How Can We Measure Success In GGP’s Efforts To End Deforestation?

Changing mindsets to measure outside the box.

Gino Bianco – Program Officer, Monitoring, Evaluation, and Reporting at the World Wildlife Fund

Eliminating deforestation from supply chains means changing a complex system which includes companies, financial institutions, and governments. Monitoring and evaluating progress in projects that target these elements is challenging because strategies and goals tend to shift quickly and so project objectives are overtaken by events.

Cause and effect is also often unclear, because other organizations and projects will also be working with these actors to achieve similar goals, so who took the action that caused the change? Or is it a combination of actions that we should be looking at? In this blog we look at “outcome harvesting” which may offer practitioners of complex supply chain interventions an alternative approach to monitoring and evaluation with more flexibility and richer details.

Instead of working forwards from an intervention towards its intended result, outcome harvesting looks at what changes have happened and tracks back to the cause.


The logical framework (logframe for short) approach is the most common foundation for monitoring and evaluation (M&E) in a variety of projects and programs, and for good reason. When properly developed, the logframe clearly shows how project inputs lead to outputs, outputs to outcomes, and outcomes to impacts. It also summarizes how the various components of a project fit together, outlines indicators for each output and outcome, and describes how each indicator is verified. Someone unfamiliar with the project can easily glance over the logframe and quickly understand how it is supposed to work and what assumptions it relies on. The logframe approach to project M&E is so popular because it’s so, well, logical.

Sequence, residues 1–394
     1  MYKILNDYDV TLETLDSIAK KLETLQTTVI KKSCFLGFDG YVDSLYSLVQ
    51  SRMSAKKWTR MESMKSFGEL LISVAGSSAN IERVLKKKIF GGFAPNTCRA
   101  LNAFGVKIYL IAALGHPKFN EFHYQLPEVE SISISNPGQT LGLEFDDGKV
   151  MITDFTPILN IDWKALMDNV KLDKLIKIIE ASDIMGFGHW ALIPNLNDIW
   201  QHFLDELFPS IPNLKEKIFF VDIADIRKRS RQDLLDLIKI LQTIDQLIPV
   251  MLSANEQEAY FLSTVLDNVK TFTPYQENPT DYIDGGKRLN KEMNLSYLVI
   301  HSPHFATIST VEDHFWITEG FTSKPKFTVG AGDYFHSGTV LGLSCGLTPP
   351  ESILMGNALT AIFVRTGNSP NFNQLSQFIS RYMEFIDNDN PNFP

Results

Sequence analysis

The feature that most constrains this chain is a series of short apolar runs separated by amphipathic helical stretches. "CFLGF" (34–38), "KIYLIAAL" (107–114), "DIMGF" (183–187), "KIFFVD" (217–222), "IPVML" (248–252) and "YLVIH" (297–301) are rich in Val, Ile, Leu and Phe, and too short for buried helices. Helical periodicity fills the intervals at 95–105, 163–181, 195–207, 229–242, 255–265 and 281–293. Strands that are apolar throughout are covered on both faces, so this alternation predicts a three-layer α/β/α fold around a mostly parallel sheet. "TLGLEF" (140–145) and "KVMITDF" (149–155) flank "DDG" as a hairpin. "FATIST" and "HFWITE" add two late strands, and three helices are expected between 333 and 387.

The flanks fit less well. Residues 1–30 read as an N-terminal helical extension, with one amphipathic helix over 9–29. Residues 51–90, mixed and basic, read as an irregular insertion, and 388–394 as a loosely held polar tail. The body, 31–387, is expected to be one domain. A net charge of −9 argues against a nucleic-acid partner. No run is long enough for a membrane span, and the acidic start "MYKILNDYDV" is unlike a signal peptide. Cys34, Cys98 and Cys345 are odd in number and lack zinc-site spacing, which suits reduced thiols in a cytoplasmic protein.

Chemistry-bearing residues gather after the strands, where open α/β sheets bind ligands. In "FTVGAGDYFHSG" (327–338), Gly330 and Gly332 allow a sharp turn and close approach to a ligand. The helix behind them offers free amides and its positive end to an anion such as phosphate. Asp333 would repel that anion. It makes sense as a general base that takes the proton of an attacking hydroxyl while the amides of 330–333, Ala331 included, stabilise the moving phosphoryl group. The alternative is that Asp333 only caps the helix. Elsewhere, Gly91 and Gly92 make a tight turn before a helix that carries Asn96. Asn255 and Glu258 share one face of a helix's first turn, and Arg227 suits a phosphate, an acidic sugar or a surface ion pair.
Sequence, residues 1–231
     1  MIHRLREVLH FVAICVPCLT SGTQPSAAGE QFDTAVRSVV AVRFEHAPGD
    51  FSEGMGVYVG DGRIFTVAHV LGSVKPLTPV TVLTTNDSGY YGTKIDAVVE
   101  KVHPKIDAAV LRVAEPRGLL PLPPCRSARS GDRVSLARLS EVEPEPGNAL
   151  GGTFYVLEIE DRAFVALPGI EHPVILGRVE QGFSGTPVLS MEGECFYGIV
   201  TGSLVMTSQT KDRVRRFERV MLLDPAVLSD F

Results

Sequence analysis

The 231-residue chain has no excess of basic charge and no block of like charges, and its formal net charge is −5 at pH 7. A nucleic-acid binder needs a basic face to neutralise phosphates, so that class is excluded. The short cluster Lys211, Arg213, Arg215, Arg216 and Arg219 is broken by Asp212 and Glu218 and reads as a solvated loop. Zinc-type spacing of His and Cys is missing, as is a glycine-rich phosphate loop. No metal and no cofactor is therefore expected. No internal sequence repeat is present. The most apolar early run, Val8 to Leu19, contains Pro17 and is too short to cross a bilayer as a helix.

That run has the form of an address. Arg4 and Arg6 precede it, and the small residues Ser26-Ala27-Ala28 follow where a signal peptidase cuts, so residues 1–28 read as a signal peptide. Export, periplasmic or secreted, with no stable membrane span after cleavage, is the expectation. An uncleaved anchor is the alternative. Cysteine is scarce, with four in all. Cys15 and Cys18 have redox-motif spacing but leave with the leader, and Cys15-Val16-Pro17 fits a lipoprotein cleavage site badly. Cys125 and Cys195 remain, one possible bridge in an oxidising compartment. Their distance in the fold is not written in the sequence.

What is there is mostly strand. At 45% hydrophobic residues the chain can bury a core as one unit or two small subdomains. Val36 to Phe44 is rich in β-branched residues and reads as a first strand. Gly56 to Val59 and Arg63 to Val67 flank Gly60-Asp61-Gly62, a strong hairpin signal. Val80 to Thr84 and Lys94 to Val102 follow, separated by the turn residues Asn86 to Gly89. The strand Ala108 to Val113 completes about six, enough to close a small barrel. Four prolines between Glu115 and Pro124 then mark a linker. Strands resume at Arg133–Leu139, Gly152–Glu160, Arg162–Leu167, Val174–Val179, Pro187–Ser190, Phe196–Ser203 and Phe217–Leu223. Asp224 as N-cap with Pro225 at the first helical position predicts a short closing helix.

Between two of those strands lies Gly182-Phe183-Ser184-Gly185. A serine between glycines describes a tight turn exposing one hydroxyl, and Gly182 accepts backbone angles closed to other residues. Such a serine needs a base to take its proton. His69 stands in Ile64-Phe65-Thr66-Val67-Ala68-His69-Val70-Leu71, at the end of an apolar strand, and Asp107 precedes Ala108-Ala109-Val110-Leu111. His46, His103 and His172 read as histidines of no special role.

Like most large environmental projects, the WWF-led and Global Environment Facility (GEF)-funded “Generating Responsible Demand for Reduced-Deforestation Commodities” Project (Demand Project), used a logframe approach to guide its work. Part of the Good Growth Partnership, the Demand Project sought to encourage sustainable production by driving demand for sustainably produced beef, palm oil and soy among companies, investors, policy makers and consumers. Considering that the four-year project had six executing partners operating in three continents, and several sub-grantees and consultants, the logframe approach was a way of keeping all partners organized and working towards the same goals. The logframe and accompanying M&E strategy allowed all organizations to see which strategies were working, and which needed to be adjusted.